However, in opposition to this perception of decline, stands an elementary rabbinic dictum known to all who labor in the fields of Jewish law, Hilchata ke-vat’ra’ei – the law is always decided according to the latest authorities. While our ancestors may loom as giants in our eyes, we nevertheless stand on their shoulders and we are regarded by God as being of infinite worth. God empowers each generation of this people Israel and its leaders to answer the demands of the day. As the Talmud phrases it, “Shmuel b’doro k’yiftah b’doro.” Jepthah, the least of leaders, is as worthy of the mantel of leadership in his generation, as Samuel, the greatest of leaders, was in his.

It is this dialectical interplay between hitdardarut ha-dorot on the one hand and hilkhata ke-vatraei on the other that informs and guides my soul at this moment. It is in obeisance to the former precept that I acknowledge that I stand today on the shoulders of so many who were my teachers. Among them all, Professor Fritz Bamberger holds a central role of prominence. Possessed of an encyclopedic knowledge of Jewish intellectual history as well as general philosophy, this German-Jewish refugee always taught and spoke with care and deliberation. He was the embodiment of German Bildung, and his measured and proper being in the world stood at such odds with my own loquacious and less formal style. However, I always felt his gentleness, and I knew his appreciation and love for me at every moment. I have attempted to model my own being on his in so many ways, and I am eternally grateful to God that I was privileged to be his talmid. On this day especially, I miss him.

I also stand today upon the shoulders of so many others as well. For my entire adult life, I have devoted myself to a study of the modern Jewish experience. I have attempted to understand and analyze the diverse ways in which so many different Jewish leaders of every denominational stripe and inclination have turned at the crossroads of modern Jewish life. I have sought to understand how these luminaries have responded to the challenge of allowing Judaism to speak in relevant cadences for the contemporary world. I have studied and admired each of them, and stand in awe of their knowledge and insights, their brilliance and their creativity. All these persons boldly looked to the future as they applied their talents and their concerns to the cause of Judaism in their own day. They are my conversation partners in the ongoing dialogues that form modern Judaism, and what I say and do is a distillation in many ways both subtle and overt of what they all have said and done.

I stand as well upon the shoulders of my predecessors who have served in this office. Isaac Mayer Wise, Kaufmann Kohler, Stephen Samuel Wise, Julian Morgenstern, Nelson Glueck, Alfred Gottschalk, and Sheldon Zimmerman all gave vision and direction to our school. I thank them for all their accomplishments and I pray that the College-Institute today proves capable of building upon the foundations they have established. Each in his singular way was a giant, and I stand in respect and wonder as I survey the heritage they have bequeathed us.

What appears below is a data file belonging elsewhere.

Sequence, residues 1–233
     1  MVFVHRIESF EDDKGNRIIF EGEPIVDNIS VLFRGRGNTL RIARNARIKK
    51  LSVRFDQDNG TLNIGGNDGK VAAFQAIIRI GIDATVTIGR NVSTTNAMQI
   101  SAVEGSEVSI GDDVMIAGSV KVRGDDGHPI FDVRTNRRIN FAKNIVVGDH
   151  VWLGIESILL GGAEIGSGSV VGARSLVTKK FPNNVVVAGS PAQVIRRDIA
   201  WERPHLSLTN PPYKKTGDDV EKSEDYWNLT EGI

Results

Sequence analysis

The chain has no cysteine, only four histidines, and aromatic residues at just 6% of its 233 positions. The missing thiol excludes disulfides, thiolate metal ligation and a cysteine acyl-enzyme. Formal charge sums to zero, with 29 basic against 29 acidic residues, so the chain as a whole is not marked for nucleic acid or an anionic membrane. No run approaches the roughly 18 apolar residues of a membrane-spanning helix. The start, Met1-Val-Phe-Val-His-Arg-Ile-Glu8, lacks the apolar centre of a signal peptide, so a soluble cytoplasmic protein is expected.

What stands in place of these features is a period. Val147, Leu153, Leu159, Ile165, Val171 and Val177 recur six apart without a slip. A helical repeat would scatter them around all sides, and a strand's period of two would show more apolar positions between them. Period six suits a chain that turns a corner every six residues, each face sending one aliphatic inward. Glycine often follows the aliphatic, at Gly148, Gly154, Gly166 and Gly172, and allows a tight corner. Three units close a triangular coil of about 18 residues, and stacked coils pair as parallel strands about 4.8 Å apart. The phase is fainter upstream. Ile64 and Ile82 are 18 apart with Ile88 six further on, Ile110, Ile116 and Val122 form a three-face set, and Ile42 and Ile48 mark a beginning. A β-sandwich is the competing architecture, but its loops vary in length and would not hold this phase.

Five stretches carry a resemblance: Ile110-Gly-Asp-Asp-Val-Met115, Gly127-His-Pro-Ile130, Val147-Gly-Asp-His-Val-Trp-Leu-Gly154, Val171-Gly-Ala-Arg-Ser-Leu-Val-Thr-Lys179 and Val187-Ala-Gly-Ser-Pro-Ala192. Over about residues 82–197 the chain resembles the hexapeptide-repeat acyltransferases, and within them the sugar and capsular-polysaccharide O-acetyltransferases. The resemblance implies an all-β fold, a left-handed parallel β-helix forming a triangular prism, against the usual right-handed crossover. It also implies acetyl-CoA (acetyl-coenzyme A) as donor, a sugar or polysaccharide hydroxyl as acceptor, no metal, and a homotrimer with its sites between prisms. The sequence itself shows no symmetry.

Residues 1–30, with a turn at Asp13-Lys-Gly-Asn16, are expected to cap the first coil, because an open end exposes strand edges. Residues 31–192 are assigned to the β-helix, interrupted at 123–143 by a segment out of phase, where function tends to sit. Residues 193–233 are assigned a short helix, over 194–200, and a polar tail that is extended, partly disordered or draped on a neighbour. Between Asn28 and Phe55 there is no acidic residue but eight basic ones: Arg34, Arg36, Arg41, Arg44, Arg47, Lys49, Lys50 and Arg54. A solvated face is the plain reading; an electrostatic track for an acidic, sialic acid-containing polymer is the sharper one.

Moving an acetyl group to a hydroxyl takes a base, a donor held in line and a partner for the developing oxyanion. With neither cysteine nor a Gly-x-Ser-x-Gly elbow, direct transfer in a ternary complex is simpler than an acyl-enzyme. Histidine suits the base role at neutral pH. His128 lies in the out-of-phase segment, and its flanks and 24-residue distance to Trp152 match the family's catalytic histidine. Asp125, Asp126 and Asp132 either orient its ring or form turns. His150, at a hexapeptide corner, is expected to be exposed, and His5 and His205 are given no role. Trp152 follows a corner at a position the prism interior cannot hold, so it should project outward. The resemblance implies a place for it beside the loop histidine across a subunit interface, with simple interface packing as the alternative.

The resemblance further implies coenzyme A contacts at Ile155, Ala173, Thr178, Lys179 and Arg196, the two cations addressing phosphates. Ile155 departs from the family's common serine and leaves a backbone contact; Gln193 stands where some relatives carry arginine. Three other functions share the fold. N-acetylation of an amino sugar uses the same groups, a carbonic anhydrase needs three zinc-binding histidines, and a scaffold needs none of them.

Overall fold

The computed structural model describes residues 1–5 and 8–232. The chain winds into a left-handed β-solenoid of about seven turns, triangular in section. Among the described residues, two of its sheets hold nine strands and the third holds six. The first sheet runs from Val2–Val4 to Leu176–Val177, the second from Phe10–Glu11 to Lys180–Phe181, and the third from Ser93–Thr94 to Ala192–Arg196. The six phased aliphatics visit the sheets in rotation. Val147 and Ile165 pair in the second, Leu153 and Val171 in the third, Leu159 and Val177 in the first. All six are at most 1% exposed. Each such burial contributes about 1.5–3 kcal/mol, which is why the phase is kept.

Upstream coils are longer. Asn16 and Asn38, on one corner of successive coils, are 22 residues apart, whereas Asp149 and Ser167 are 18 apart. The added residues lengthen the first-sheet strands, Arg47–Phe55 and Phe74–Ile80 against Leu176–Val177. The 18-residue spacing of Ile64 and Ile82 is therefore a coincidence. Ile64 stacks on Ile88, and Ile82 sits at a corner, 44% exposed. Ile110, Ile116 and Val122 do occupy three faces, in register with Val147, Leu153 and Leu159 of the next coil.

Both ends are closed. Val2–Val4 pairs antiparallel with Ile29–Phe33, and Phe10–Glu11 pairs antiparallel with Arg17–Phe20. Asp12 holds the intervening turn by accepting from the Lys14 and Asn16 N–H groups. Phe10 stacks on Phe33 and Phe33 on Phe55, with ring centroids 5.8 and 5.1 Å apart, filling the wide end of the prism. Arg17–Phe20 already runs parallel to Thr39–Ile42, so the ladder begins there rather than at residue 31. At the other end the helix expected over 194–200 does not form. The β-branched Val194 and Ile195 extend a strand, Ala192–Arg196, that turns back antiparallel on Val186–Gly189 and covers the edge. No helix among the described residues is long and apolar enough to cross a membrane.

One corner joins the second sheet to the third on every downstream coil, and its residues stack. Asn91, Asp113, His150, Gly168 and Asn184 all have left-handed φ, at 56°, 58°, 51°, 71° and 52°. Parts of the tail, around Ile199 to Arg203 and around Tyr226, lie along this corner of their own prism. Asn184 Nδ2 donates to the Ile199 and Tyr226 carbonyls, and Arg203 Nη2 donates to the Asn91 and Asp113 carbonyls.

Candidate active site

While my contemporaries and I may stand in relationship to our predecessors as Jepthah stood in relationship to Samuel, the task of leadership is no less pressing for us than it was for Jepthah and others in the past. After all, hilchata k’vat’ra-ei – the law is decided according to the later authorities – and just as my predecessors were required to do in generations past, I today am called upon to articulate an ongoing vision for the College-Institute as we confront the present and move towards the future. The other side of the dialectic that I outlined at the beginning of my speech must now receive its voice.

After 127 years of existence, the College-Institute and the North American Jewish community find ourselves at a much different historical juncture than our community did when Isaac Mayer Wise ordained the first class of rabbis in this institution in 1883. His was an age shaped and informed by an unfettered confidence in Enlightenment. He had not heard of Freud, and he could speak of civilization without recognizing the discontents that stand at its base. Isaac Mayer Wise and his colleagues could confidently proclaim that the day would come when reason alone would guarantee that “superstition would no longer enslave the mind, nor idolatry blind the eyes.” Unaware that a Holocaust was looming, where monsters of intellect would divorce learning from virtue, Isaac Mayer Wise and his peers as well as his immediate successors would soon forge a Judaism that would allow a predominantly immigrant Jewish community to adapt successfully to the demands of an American setting. His immediate successor Kaufmann Kohler proved able to forge a denominationally distinct Reform Judaism that was universalistic in its outlook. This vision of Reform flourished in a setting where Jewish integration into the cultural, social, economic, and political realms of American life remained limited, and at a time when the State of Israel did not exist.